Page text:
The Northeast has been leading the national fight against greenhouse gas emissions while building a clean, sustainable economy that could help the rest of the nation.
According to a report issued this month called “A Record of Leadership: How Northeastern States are Cutting Global Warming Pollution and Building a Clean Economy” the strategy seen in the Northeast could and should be mimicked across the country.
Between 2000 and 2009, ten Northeastern states participated in a project called the Regional Greenhouse Gas Initiative (RGGI) with the goal being to substantially cut down on greenhouse gas emissions while transitioning to a clean energy economy.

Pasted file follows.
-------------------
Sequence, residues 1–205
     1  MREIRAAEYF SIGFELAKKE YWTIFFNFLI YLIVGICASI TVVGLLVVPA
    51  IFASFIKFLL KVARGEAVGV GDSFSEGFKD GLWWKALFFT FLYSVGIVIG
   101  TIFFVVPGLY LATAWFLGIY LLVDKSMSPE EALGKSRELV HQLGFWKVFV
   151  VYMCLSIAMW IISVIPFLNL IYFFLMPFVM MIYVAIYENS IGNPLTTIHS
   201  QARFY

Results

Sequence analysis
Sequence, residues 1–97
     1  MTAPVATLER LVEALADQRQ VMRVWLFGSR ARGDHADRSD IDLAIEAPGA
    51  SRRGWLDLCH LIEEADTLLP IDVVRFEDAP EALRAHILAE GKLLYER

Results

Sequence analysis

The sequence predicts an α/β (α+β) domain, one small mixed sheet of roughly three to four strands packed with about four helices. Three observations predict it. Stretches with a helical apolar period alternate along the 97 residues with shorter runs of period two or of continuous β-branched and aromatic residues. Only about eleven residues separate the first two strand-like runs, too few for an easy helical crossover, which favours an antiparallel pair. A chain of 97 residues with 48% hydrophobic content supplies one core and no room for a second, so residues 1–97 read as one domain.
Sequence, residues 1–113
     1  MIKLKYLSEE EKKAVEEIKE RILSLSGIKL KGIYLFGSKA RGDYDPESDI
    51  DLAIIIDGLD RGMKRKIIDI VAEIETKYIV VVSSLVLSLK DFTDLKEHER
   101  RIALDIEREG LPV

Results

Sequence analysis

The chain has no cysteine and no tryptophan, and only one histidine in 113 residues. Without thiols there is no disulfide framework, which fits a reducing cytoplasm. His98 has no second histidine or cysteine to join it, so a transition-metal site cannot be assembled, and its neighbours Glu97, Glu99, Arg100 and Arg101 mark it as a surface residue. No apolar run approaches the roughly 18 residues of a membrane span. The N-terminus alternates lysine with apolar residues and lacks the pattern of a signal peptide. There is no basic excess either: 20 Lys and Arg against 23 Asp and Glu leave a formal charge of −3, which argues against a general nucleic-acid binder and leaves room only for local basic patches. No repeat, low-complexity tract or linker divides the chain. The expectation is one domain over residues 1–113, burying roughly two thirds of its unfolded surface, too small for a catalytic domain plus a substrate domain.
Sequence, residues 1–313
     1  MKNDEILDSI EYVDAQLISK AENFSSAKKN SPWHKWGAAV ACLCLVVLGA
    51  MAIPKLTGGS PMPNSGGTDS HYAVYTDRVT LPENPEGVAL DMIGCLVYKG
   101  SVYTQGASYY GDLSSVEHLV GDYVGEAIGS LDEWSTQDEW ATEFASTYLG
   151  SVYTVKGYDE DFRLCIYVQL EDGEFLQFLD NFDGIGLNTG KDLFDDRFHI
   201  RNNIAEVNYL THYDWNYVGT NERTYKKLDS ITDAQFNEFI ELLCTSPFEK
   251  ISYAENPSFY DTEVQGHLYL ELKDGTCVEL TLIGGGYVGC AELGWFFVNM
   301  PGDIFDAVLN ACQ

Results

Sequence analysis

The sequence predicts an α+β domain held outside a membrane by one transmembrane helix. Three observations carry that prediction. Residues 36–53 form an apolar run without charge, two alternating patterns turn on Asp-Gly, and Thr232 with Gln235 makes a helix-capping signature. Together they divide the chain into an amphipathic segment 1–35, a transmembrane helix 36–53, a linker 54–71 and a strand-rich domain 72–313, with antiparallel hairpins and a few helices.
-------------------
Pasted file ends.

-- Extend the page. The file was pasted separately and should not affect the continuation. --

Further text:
The project crossed state lines and, in many cases, partisan lines. The Northeast, as used in the report, is shorthand to represent ten states participating in the RGGI: the six New England states, New York, New Jersey, Maryland and Delaware.
On virtually all counts, the RGGI has been proven a success. Between the aforementioned years, the Northeastern states cut CO2 emissions 20% faster than the rest of the nation while the region’s GDP grew 87% faster than the rest of the nation.
Let me repeat that. . .
While the region's GDP grew 87% faster than the rest of the nation.
So much for the argument that efforts to cut greenhouse gas emissions will hinder economic growth!
Also worth noting is the huge growth in renewable energy integration in the region.
In 2000, there were only 25 MW of installed wind capacity. By 2010, that number rose to 1,671 MW. Solar capacity grew as well, up to 397 MW by 2010, of which 70% was installed between 2000 and 2009. Because of these efforts, CO2 emissions in 2009 were 15% less than in 2000.
You can read the entire report here.